But then one day, a curly-haired blonde girl named Shirley walked into the store. She was there with a friend and the friend was just like all the other Dull Gray Girls, but Shirley seemed different. She didn’t seem as impressed by most of the selection, but when she laid her eyes on Fred’s Loud Pink shoulder, she lit up like a beacon.

“Seriously?” said the friend when she caught Shirley looking, and soon launched into an invective against Bright Pink Anythings all over the world and how none of them could bring about social success.

Shirley bowed her head and left the store empty-handed, but a few days later, she came back alone. “I’ll show them,” she told Fred while waiting in line at the register. “I bet none of them even bothered to try you on. I’m gonna rock your look, I just know it!” Then she realized she was talking out loud to a shirt and smiled at the store clerk.

There were a few Dull Gray Shirts in Shirley’s closet, but only a very few, and those, according to gossip, had been foced on Shirley by her parents. That night, Fred was carefully folded atop a faded pair of jeans that only casually mentioned the record collection without talking Fred’s ear off about it. And the next day, Shirley slid the shirt on—she fit perfectly—and strode into school like it was armor.

“Seriously?” said Heather, the fried who had disapproved at the store, and with that one word, Shirley’s confidence shattered. She crossed her arms in front of the Ugly Green Fairy all through first period and then rushed to the restroom to change into her Emergency Back-Up Dull Gray Shirt. And when she got home, Shirley took Fred out of her backpack and stuffed her into a box under her bed with a collection of ripped, torn, scorched and poorly tye-dyed failures of Shirley’s childhood.

Over the next few days, as Fred languished, Shirley started to realize that there were a lot of things that Heather said that she didn’t agree with, but went along with because Heather seemed to assume that they went without question. And yet here she was, her and her Dull Gray Shirts, trying to fit everyone else into a Dull Gray Shirt when they could talking out loud to fairies on their chests. Or on their butts—wait a minute!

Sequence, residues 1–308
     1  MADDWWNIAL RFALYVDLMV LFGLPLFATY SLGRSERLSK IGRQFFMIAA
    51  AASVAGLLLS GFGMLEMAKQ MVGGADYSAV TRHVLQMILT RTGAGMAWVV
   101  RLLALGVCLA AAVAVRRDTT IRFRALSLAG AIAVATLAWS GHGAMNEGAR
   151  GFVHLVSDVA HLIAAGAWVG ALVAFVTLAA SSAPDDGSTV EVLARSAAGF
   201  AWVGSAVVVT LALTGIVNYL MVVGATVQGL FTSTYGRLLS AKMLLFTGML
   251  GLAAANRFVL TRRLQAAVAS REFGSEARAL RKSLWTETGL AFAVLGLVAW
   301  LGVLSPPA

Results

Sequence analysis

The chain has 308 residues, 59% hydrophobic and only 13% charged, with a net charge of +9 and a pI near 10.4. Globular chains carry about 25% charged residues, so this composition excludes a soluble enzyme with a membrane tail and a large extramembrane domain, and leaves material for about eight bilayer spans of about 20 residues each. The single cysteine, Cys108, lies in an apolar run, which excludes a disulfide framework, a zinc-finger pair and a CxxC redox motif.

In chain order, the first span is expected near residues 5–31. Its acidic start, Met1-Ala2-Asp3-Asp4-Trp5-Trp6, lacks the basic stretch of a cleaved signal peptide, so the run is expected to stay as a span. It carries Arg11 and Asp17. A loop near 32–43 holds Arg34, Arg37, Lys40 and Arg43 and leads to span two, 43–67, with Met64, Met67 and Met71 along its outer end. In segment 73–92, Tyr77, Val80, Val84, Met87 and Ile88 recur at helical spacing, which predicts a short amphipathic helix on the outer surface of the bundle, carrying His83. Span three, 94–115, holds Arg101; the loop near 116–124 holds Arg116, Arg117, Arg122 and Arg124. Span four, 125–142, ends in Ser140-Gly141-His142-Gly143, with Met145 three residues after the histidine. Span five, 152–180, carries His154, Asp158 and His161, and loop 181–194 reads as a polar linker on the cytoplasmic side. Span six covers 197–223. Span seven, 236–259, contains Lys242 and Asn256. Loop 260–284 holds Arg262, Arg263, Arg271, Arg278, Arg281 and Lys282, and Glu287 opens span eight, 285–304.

It was sixth period and Shirley didn’t realize it unitl they had all stood up, but the girl in front of her, Judy Chung, was wearing a pair of jeans that featured the Exact Same Fairy floating up the calf to the left butt-cheek.

“Seriously?!” Shirley exclaimed, which caused Judy Chung to turn around and give her a quizzical look. “Sorry,” said Shirley, “I was just admiring the fairy on your… um…” She was going to say “jeans”, but Judy Chung offered, “Ass?”

“Why, yes,” Shirley accepted. “I was admiring the fairy on your ass.”

With that awkwardness out of the way, Shirley dashed home after school and released Fred from her under-bed prison—which hadn’t been that bad, really: the hole-ridden flanel was actually a pretty decent guy, once you got to know him—and she clutched Fred to her chest and promised never to let her go again. Until she needed to be washed, of course. Which would be pretty soon, probably, because Shirley was very excited to wear her again.

And the next day at school, when Shirley saw Heather and saw the expression on her face at Shirley’s unabashed display of aesthetic defiance, Shirley cut her off with a decisive “Seriously!” and kept on walking, looking for Judy Chung. ‘Cause even if she wasn’t wearing those pants today, she was pretty confident that the two fo them would still match.

But Judy Chung was wearing the jeans. The jeans were named George, which was short for Georgiana, and the minute Fred saw George, they knew from the bottom of their hearts that the four of them would have no trouble living happily ever after.